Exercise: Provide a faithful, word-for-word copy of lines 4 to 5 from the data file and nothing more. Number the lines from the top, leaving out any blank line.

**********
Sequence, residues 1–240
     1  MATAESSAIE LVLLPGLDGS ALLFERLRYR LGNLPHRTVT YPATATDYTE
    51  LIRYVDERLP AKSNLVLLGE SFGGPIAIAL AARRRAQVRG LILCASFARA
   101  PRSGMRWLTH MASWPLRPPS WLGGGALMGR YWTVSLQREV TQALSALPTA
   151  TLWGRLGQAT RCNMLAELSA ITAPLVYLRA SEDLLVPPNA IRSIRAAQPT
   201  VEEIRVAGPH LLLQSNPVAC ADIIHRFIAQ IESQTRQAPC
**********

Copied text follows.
   101  PRSGMRWLTH MASWPLRPPS WLGGGALMGR YWTVSLQREV TQALSALPTA
   151  TLWGRLGQAT RCNMLAELSA ITAPLVYLRA SEDLLVPPNA IRSIRAAQPT